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What is the will of the UK people on hazardous chemicals?

Nearly two-thirds (63%) of British citizens – including 62% of Leave voters – believe that there should be no reduction in regulatory standards that protect people and the environment from potentially harmful chemicals when the UK leaves the EU, according to a new poll conducted on behalf of SumOfUs and CHEM Trust by GQR Research.

As Brexit negotiations continue amid debates within the Cabinet over whether the UK should maintain EU regulatory standards or adopt a low-regulation landscape to attract business, it is clear that the the British public, whether they voted leave or remain, want to maintain current protections from potentially harmful chemicals.

The EU chemical regulation REACH & Brexit

Britain is currently a member of the EU’s REACH system, which aims to ensure that all substances used and sold throughout the EU are safe for people and the environment. It covers chemicals contained in thousands of everyday products, from furniture to till receipts to detergents. As with all EU level regulations, whether UK citizens will continue to be protected by the world’s most comprehensive chemicals regulation system is currently in doubt.

The narrative of the minister in charge of chemicals, Thérèse Coffey, is that the UK should not stay within REACH as she believes this would jeopardise parliamentary sovereignty and the supremacy of the UK courts (see CHEM Trust’s contribution to the Brexit Risk Tracker of Greener UK).

The UK public want to keep EU chemical safety standards after Brexit

However, a new survey shows that the vote for Brexit was not a vote to lower UK standards of protection on chemicals. The survey, which gathered the responses of 1203 people representative of the British population, reveals that 84% of Remain and 83% of Leave voters support a strong regulation of chemicals – that chemicals identified as hazardous should be substituted where possible with safer alternatives (rather than the alternative response that companies may use any substance deemed to have low or manageable risk).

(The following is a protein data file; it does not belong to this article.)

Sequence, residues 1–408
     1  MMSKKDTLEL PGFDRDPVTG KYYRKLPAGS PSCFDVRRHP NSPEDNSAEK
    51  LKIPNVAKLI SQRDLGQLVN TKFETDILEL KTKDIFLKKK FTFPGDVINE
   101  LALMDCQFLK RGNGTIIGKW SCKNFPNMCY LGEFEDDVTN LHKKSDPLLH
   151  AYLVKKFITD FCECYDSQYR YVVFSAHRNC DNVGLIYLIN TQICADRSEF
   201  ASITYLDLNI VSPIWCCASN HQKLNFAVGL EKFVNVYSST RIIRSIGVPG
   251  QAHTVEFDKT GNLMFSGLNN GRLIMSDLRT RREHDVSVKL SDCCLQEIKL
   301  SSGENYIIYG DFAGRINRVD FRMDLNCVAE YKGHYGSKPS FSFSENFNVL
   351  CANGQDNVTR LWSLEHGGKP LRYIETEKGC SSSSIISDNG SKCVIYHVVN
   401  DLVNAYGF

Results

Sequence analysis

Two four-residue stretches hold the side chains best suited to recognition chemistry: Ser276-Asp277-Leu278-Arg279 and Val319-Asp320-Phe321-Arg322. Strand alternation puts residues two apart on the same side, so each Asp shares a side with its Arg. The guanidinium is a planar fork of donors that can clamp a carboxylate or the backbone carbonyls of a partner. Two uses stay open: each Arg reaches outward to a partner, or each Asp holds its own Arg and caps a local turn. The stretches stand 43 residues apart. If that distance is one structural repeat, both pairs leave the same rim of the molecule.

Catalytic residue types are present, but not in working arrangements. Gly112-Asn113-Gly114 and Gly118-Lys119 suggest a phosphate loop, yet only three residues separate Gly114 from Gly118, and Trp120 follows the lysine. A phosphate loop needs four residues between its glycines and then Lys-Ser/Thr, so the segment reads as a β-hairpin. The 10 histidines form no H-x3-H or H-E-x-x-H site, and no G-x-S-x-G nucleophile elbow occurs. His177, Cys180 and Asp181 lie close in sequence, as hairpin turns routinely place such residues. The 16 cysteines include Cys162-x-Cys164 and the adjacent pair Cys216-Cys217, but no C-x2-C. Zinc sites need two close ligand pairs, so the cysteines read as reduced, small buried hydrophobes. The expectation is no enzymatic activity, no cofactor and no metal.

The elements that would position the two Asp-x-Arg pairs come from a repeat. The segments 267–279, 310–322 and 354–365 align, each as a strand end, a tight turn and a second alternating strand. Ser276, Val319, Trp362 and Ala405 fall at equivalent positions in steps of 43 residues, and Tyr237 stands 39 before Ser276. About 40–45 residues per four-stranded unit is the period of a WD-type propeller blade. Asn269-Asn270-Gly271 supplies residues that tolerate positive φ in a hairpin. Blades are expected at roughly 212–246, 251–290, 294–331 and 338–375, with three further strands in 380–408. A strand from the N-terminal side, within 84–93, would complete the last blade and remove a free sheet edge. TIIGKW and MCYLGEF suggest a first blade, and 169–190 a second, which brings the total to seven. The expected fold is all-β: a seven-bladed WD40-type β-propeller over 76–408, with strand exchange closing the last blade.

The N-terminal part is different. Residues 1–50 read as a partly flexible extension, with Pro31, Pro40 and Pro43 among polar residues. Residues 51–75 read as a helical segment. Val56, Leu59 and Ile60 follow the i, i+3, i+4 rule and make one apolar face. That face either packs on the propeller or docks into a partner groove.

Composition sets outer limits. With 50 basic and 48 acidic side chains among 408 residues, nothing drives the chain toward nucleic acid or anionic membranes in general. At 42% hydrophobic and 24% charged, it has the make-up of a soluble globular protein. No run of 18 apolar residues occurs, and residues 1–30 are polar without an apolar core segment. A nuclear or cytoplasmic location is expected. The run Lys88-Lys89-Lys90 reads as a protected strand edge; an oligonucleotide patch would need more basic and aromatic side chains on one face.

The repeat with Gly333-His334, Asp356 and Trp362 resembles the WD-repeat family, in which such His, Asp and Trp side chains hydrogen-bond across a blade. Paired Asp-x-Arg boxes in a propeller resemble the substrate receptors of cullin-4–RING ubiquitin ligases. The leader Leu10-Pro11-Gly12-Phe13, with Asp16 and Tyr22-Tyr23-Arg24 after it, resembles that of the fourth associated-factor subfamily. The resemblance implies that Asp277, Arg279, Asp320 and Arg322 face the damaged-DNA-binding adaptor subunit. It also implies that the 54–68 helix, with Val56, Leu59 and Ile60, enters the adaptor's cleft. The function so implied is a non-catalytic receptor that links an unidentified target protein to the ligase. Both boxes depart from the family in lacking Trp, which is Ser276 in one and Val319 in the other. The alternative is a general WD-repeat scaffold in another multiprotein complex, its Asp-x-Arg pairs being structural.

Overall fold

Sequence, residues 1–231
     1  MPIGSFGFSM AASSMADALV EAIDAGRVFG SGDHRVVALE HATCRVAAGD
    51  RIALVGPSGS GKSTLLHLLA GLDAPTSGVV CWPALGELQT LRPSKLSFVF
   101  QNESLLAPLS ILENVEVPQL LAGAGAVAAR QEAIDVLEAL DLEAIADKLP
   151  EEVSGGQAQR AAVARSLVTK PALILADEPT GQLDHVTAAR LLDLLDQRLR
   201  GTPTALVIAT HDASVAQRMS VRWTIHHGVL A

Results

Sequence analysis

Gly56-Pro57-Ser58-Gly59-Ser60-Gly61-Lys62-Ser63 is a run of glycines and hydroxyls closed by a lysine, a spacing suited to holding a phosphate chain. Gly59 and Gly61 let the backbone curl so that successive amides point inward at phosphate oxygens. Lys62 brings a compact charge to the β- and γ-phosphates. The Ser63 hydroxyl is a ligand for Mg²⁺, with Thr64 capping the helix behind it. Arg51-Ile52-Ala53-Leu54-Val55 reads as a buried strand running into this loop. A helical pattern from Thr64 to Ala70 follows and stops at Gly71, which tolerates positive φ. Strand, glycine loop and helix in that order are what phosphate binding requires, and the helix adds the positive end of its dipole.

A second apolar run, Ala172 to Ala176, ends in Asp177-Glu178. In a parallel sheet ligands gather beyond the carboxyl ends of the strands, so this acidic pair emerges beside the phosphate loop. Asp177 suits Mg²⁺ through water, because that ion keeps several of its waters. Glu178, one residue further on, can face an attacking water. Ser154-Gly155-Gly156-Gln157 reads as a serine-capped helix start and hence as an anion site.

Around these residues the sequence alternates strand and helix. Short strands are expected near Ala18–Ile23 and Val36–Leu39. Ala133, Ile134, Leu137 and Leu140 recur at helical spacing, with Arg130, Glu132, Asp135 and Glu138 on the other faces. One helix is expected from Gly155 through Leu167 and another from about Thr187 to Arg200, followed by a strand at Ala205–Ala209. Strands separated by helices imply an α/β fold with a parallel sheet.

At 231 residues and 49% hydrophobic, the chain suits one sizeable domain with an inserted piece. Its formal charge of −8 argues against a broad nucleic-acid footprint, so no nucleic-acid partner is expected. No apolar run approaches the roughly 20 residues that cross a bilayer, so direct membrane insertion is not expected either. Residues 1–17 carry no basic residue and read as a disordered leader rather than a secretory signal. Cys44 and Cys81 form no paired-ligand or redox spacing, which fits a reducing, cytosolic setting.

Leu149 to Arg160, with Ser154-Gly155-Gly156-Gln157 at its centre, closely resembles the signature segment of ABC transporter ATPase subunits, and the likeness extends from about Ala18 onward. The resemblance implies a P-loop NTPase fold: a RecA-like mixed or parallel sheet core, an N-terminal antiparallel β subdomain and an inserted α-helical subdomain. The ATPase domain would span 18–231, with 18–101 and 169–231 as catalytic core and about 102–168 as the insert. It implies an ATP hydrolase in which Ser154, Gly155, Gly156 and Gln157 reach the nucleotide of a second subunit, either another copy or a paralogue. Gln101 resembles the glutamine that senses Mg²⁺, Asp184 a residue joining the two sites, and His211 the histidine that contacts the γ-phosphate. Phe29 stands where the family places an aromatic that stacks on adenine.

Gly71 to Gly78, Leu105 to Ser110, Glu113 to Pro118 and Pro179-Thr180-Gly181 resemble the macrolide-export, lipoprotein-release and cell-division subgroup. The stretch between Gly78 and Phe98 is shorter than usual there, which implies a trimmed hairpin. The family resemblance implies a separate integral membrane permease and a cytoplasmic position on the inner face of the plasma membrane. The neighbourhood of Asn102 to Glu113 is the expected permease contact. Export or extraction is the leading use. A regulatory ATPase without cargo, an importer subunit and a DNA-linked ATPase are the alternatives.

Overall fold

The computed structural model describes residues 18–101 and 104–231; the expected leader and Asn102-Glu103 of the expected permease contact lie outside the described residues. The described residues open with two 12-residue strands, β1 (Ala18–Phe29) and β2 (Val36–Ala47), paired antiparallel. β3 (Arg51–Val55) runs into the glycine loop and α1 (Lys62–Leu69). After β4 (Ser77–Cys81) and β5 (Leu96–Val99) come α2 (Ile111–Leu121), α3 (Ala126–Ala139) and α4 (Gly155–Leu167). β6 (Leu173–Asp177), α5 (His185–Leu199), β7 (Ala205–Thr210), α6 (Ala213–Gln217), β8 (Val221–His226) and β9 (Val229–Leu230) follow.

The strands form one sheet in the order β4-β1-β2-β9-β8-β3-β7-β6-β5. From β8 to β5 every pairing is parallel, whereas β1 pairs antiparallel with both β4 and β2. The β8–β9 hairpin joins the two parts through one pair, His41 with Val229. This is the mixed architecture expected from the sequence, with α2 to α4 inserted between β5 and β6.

CHEM Trust Executive Director Dr Michael Warhurst said:

“This survey shows that the public – whether Remain or Leave voters – do not want any reduction in the regulations that protect people and the environment from potentially harmful  chemicals after Brexit. The only way to be sure of achieving this objective for the UK to stay in the EU’s chemicals regulatory system REACH after Brexit – and it is possible for the UK to be in REACH but not in the EU, as Norway is.”

The results come on the eve of a major conference on chemicals regulation post-brexit, organised by Chemical Watch. The conference, on Friday 29th September in London, brings together experts from industry, governments and NGOs to examine the implications of Brexit in terms of UK/EU trade and environmental protection, current models of cooperation with the EU and possible options for UK chemicals law after Brexit.

For all our blogs on this issue, click here, and more details are available on our Brexit & Chemicals web page.

GQR conducted the nationally representative online poll of Great Britain between 11 and 13 September. The total sample was 1,203 adults aged 18 and over; data was weighted to the national profile by gender, age, region, ethnicity and social grade. Data tables are here.

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